The majority of cases before the Montana Supreme Court are decided based upon the written briefs submitted by the parties. However, the Court may decide that a case requires further discussion, in addition to what the parties have argued in their written briefs. In such cases, oral arguments are scheduled in open session before the Court. Approximately 15 cases a year are scheduled for oral argument.

Oral arguments are tightly structured and timed. The counsel for each party is allowed limited time to make an argument. The times typically range from 20 to 40 minutes and are set forth by the Court in the order setting oral argument. 

While this format allows the counsel brief opportunity to further develop their arguments, it also gives the Court an opportunity to ask questions of the attorneys on points which the Court needs clarification.

A majority of oral arguments take place in the Montana Supreme Court Courtroom, located at 215 N. Sanders, Helena, Montana. The Court does schedule a few arguments to be heard in different cities around the State. See the list of scheduled oral arguments below.

All oral arguments are open to the public.  

Click here to see list of previous oral arguments 



DA 20-0609

ARIANE WITTMAN and JEREMY TAYLEN, Plaintiffs and Appellants, v. CITY OF BILLINGS, Defendant and Appellee.  Oral Argument is set for Friday, September 10, 2021, at 9:30 a.m. at the Holiday Inn Missoula Downtown with an introduction to the oral argument beginning at 9:00 a.m. 

In 2019, approximately 1000 gallons of raw sewage backed up into the basement of Ariane Wittman and Jeremy Taylen’s home in Billings due to a blockage in a City sewage line caused by grease accumulation.  Wittman and Taylen sued the City for damages caused by the sewage overflow under the theory of “inverse condemnation” because, they argued, the discharge of sewage into their home constituted a governmental “taking” of their property and they were therefore entitled to compensation under the eminent domain provisions of Article II, Section 29, of the Montana Constitution.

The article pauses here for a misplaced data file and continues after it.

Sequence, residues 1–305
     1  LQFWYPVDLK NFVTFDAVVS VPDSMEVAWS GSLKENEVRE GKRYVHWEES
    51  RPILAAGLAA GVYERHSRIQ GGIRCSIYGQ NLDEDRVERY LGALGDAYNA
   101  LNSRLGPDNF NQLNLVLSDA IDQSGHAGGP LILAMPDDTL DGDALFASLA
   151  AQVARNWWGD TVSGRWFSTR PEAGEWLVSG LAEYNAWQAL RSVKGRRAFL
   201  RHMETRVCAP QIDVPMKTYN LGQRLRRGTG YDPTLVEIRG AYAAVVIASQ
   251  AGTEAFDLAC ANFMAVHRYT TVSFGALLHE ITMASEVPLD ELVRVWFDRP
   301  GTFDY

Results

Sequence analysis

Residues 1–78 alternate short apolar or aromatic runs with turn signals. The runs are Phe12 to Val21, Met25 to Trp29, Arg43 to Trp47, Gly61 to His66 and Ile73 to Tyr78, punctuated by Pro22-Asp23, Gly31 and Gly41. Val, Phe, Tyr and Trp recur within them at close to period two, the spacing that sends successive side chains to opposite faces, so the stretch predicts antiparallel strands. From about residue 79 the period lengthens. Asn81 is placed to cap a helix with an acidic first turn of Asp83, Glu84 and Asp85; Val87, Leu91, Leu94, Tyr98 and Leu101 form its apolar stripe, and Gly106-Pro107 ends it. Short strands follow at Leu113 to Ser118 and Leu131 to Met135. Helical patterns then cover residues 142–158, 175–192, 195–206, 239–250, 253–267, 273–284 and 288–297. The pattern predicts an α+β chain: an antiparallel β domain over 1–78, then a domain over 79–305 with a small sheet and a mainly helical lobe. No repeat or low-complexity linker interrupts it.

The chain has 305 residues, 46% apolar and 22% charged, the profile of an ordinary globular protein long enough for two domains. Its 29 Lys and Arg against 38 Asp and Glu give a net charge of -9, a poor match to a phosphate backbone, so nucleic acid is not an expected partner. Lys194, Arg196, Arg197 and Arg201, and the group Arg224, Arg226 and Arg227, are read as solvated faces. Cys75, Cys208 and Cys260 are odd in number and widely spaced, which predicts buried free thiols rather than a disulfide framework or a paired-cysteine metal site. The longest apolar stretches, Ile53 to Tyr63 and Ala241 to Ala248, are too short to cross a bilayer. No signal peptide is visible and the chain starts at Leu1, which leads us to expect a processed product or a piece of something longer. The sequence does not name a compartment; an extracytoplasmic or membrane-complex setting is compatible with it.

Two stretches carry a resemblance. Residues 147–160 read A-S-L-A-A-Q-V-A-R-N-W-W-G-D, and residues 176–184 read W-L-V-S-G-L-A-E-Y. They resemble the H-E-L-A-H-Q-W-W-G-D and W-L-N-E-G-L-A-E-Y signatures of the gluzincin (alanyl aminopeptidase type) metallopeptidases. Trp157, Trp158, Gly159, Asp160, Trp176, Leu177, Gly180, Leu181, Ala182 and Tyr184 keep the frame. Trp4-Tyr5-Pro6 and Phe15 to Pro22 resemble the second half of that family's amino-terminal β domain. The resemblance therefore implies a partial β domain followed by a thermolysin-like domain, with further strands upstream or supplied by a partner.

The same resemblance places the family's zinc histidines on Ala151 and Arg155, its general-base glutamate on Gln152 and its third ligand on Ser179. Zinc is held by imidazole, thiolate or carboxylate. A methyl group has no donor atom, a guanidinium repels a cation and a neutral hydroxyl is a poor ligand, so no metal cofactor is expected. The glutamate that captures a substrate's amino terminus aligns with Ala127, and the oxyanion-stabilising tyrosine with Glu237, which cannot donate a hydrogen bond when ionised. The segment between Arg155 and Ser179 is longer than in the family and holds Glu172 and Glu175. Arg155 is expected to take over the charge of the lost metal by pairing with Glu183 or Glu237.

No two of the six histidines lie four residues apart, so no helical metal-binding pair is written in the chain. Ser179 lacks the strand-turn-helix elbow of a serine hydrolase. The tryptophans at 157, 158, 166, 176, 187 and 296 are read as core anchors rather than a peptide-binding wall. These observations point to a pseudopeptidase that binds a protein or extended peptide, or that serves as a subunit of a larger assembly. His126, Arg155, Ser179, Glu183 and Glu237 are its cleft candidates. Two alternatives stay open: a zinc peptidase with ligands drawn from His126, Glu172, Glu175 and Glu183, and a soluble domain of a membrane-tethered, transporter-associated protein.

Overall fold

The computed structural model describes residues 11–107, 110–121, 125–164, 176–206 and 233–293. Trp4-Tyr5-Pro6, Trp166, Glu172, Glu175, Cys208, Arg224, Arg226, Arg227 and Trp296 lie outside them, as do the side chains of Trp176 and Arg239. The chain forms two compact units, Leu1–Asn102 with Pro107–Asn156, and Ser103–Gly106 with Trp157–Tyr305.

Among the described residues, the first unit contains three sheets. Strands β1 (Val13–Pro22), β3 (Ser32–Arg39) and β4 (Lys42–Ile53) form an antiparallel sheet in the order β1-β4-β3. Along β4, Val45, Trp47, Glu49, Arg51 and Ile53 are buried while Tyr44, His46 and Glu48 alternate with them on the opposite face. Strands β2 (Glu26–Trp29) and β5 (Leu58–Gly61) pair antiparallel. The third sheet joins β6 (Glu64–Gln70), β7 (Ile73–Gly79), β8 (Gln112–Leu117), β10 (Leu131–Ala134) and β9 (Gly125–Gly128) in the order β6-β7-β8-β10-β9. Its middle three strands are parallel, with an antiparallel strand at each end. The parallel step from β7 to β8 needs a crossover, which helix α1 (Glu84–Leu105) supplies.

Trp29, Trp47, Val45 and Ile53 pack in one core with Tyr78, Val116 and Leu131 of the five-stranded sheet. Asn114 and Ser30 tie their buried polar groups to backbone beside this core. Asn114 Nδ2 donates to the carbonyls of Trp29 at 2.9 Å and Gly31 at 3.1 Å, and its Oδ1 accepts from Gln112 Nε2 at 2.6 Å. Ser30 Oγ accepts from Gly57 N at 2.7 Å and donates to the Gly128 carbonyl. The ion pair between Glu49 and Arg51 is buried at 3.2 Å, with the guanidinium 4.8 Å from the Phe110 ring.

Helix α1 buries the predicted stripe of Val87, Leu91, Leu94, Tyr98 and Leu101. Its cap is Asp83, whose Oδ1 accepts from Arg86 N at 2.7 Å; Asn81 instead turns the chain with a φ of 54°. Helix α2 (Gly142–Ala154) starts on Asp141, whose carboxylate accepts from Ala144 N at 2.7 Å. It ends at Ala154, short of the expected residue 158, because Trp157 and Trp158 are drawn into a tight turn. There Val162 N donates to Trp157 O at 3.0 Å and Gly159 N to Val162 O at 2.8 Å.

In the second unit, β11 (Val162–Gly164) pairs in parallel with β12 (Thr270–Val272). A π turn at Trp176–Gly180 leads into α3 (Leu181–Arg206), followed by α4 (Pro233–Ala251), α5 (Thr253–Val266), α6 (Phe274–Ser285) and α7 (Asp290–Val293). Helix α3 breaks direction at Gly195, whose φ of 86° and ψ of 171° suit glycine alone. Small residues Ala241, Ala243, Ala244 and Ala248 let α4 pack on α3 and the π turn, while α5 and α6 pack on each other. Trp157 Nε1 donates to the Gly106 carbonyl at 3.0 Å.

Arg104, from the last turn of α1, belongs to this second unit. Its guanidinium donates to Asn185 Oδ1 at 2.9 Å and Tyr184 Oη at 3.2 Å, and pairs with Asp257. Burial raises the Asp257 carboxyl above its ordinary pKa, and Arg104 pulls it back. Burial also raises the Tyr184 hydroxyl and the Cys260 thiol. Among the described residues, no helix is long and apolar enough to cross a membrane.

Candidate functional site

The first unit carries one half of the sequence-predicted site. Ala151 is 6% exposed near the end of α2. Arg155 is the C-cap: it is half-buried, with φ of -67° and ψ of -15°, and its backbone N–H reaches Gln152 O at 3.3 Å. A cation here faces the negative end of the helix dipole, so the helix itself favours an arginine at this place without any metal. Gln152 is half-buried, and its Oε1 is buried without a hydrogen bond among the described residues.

The District Court ruled that Montana’s inverse condemnation law does not allow for Wittman and Taylen to recover damages in this instance because the City’s discharge of sewage into their basement was inadvertent and not a deliberate “taking” of their property.

On appeal, Wittman and Taylen argue that Montana’s inverse condemnation laws do not require that the “taking” be deliberate, but only that it is an inevitable or reasonably foreseeable consequence of a government undertaking.  In this case, they maintain that sewage overflows onto private property due to grease accumulation inevitably occur because of the design of the City’s sewer system.